When it comes to using another job offer to get a raise, you could say Phoenix-area software engineer Timothy Sweet is an old pro.
Sure, the 29-year-old’s first attempt to do this—at a run-of-the-mill retail job he took before entering his current profession—failed. But since then, Sweet has managed to gain a raise and promotion twice by leveraging counteroffers, once from a new company and a second time from a separate division of his existing company. Most impressively, a few years ago he walked away with a 33% raise from an existing employer—boosting his annual pay from $62,000 to $81,000—by using this tactic.
“When I told my employer, ‘the [other company] wants to give me an offer that’s substantially more,’ they didn’t match the offer but they did give me more,” says Sweet. “And it was enough to get me to stay.”
But while using another job offer to leverage a raise and negotiate a better career often works, if you’re unprepared, it’s a gamble that could backfire—and there are some career experts who advise against it completely. Here’s how to a) decide if it’s it’s the next best move for you, and b) make it work.
How Another Offer Can Help Your Career
Perhaps you’re working in a position at your current job and can’t seem to advance, so you’ve started looking for another job. Or, perhaps a recruiter noticed your résumé on LinkedIn. However you got to this point, you now have a job offer that promises more money or benefits than you have now.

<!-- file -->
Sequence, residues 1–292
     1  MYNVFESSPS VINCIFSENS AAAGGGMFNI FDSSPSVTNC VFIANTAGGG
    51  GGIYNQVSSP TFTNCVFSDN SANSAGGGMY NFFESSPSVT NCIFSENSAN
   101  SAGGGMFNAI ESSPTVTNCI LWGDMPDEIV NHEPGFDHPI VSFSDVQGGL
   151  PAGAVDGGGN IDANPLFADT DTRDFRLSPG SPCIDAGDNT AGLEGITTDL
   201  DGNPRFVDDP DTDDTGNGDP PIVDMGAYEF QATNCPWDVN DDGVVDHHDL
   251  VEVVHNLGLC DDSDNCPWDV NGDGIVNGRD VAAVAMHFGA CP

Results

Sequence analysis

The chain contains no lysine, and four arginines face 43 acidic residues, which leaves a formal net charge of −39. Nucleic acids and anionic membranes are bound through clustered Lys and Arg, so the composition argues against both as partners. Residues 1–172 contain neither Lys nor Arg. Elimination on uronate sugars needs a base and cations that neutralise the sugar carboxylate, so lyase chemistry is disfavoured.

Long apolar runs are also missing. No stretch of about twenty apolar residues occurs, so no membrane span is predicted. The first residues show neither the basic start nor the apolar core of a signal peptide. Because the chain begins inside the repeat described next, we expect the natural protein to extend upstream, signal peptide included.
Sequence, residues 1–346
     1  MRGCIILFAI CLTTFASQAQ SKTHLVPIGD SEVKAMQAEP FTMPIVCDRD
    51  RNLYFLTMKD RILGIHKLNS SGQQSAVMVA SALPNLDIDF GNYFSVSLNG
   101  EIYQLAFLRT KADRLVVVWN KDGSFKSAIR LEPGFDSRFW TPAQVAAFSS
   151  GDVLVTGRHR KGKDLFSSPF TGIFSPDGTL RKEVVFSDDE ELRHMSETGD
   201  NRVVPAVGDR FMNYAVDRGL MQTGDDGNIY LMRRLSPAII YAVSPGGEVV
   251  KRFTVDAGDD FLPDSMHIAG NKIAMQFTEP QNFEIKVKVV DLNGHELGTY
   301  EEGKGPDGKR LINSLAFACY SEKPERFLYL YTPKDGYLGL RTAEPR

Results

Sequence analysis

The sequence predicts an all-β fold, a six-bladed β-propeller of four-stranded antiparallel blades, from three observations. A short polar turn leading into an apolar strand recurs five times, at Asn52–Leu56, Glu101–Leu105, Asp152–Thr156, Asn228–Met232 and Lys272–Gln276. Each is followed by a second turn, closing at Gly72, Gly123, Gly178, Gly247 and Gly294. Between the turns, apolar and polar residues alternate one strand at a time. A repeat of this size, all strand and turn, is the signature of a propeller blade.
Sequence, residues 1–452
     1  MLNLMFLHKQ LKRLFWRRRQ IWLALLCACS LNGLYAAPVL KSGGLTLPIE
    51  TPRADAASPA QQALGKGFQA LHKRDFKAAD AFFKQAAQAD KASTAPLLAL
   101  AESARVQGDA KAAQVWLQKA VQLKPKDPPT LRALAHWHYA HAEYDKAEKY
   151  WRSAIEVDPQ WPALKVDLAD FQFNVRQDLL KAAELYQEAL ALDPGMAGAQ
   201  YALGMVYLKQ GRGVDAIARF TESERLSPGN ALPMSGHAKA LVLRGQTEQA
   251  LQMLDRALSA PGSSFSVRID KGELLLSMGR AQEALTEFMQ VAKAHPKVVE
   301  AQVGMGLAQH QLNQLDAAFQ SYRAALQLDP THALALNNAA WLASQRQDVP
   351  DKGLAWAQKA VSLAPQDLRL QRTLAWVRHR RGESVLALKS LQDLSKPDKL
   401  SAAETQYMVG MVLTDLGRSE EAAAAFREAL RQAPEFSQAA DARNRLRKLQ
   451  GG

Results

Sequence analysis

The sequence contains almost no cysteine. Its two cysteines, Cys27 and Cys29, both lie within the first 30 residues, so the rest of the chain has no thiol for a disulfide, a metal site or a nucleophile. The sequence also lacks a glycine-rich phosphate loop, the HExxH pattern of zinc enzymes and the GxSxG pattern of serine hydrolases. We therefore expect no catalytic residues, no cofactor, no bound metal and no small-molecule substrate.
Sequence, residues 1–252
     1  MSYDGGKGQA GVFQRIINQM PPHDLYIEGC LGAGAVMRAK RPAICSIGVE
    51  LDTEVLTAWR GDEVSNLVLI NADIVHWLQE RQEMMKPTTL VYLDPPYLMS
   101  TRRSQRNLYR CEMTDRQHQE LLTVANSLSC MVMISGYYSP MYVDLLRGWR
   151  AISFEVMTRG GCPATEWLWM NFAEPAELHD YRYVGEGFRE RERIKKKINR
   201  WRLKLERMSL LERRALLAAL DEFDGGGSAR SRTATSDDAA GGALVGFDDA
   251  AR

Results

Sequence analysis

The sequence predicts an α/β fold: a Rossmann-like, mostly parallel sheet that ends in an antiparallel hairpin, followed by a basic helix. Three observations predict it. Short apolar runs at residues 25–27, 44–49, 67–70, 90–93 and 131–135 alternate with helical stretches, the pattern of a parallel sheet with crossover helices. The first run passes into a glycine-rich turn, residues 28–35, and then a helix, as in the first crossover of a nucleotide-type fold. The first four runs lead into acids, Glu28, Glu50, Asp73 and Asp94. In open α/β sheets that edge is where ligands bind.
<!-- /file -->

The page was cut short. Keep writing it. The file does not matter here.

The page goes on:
In such cases, shaking things up by presenting your boss with an offer from another company—in other words, letting your current employer know you have other suitors—may be your best bet for boosting your salary, like Sweet did.
I made my first and only attempt using a counteroffer to get a promotion about 14 years ago, at the beginning of my journalism career. At the time, I was covering a niche wireless technology beat for a business-to-business publication but making pennies (about $30,000 per year plus benefits). When my work caught the attention of a competitor, my supervisor offered me a $5,000 raise, plus more opportunities for travel.
Using the advice of a wise friend, I called a meeting with my supervisor, with whom I had a great relationship, and told her that, while I loved my job, I was eager for more dough and bigger assignments—and that a new employer was offering both. Within an hour she sent me an e-mail letting me know that her higher-ups had approved a $7,000 raise as well as a promotion that would grant me more oversight over editorial decisions and opportunities to attend conferences. Needless to say, I decided to stay for another year, until the company’s overall financial direction (not good) spurred me to change employers.
My experience is no surprise to Victoria Pynchon, co-founder of She Negotiates Consulting and Training, which offers career, promotion, salary and fee-negotiation strategies for women. Often people—and especially women—underestimate their worth, she says, so a counteroffer can be a great way to remind an employer of their value.
“If you’re negotiating a raise with your current employer, with an offer in your back pocket, you are the one who is able to negotiate a great deal,” says Pynchon, who in 2012 helped a female lawyer working in Silicon Valley negotiate a 43% raise at her corporate council job by using a counteroffer.